“It was strange, the idea that this book wasn’t just for him, it was for everyone. All these people who had taken it out before him, people who would take it out after him. They might have read it on a beach, on the train, on the bus, in the park, in their living room. On the toilet? He hoped not! Every reader, unknowingly connected in some small way. He was about to be a part of this too.”—Sara Nisha Adams, The Reading List.
Aleisha, a teenager working as a library clerk in Wembley, North London, stumbles upon a life-changing discovery—a list of eight classic novels titled “Just in case you need it,” beginning with To Kill a Mockingbird. This leads her to connect with Mukesh Patel, a lonely widower yearning to bond with his book-loving granddaughter. As Aleisha and Mukesh share the books, a beautiful connection forms, intertwining their lives with the stories they read.
Divided into sections based on each book, the novel delves into profound themes like mental illness, grief, abandonment, and self-doubt. It’s a poignant exploration of how literature can bridge the gap between people and offer solace in challenging times.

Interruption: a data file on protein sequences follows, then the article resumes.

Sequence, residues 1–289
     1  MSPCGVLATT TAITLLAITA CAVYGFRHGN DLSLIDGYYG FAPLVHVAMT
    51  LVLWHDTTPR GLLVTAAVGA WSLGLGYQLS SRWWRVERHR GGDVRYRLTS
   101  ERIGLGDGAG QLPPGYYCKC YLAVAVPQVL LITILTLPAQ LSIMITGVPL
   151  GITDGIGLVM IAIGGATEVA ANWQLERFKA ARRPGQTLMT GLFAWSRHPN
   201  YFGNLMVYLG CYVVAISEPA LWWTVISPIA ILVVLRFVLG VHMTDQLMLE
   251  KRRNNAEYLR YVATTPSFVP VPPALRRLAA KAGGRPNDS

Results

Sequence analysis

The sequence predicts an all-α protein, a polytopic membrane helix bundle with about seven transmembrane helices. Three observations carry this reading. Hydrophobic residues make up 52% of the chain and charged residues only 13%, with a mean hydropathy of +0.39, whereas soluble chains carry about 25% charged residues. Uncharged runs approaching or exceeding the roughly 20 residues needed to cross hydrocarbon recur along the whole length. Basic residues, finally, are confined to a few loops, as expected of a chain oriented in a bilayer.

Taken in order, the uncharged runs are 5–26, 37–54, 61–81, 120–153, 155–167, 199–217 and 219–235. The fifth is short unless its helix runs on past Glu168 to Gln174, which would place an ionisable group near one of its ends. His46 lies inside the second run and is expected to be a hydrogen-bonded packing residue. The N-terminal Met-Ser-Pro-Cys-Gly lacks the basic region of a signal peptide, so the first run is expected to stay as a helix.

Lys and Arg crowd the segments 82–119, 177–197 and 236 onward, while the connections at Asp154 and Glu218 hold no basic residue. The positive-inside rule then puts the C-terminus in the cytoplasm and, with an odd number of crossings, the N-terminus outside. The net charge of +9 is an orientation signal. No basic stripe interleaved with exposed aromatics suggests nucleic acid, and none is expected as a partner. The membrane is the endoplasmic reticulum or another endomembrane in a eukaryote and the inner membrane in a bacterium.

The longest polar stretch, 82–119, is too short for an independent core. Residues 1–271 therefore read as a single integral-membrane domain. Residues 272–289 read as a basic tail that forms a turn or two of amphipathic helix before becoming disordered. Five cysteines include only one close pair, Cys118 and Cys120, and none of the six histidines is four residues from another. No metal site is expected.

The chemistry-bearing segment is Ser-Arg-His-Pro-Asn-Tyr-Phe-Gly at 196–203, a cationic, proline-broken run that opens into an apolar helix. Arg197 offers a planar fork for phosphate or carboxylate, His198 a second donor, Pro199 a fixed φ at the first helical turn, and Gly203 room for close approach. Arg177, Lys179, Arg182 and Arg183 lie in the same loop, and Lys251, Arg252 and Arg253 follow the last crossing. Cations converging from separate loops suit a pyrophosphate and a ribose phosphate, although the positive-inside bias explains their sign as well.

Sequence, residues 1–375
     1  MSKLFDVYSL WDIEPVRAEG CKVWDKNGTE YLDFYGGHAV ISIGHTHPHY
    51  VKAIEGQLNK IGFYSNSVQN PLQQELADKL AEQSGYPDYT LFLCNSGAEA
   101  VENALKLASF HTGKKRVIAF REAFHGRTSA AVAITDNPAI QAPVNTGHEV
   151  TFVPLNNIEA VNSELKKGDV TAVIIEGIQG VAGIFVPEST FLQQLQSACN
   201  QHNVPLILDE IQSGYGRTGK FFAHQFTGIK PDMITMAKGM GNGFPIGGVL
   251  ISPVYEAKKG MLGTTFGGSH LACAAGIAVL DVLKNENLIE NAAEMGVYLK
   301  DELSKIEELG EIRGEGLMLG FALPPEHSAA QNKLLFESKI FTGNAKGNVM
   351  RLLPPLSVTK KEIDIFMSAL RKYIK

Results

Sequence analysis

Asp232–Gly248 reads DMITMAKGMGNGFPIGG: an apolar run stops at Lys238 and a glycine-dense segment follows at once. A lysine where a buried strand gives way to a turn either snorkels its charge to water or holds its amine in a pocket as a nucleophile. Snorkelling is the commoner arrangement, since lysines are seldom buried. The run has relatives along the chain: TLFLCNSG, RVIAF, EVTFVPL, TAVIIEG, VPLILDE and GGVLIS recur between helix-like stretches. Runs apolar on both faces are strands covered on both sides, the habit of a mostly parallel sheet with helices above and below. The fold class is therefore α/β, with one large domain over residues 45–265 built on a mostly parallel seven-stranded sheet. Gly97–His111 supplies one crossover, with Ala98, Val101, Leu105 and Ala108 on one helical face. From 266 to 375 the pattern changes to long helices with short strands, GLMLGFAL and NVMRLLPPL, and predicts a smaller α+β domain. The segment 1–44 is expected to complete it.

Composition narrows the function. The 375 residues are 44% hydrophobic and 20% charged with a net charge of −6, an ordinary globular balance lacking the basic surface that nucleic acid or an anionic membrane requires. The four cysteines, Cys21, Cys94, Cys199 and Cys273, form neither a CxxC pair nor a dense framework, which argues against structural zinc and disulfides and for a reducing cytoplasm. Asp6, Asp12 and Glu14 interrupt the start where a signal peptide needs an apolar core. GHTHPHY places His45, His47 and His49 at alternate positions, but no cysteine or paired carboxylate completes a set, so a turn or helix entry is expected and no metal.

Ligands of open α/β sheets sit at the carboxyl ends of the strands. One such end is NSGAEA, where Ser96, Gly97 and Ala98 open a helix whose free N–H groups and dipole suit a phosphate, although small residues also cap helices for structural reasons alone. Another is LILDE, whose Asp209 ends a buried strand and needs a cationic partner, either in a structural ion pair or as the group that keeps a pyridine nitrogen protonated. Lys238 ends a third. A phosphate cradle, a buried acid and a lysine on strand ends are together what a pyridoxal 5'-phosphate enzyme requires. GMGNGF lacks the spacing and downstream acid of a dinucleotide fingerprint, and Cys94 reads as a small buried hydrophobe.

While the book starts strong, capturing the essence of its premise with warmth and depth, some readers may find that it loses momentum in the second half. Nevertheless, it’s a touching debut novel that showcases Sara Nisha Adams’ ability to craft heartfelt stories inspired by real-life connections.
This book is a nominee for the Goodreads Choice Award for Best Fiction (2021), and it’s clear why—it’s a story that celebrates the power of books to bring people together and provide comfort in times of need. Drawing from her own family history in Wembley, Adams infuses the novel with a personal touch that adds depth to the narrative. 3.5 stars rounded up to 4.
** Thanks to NetGalley and the publisher for a review copy of this novel. The opinions are my own.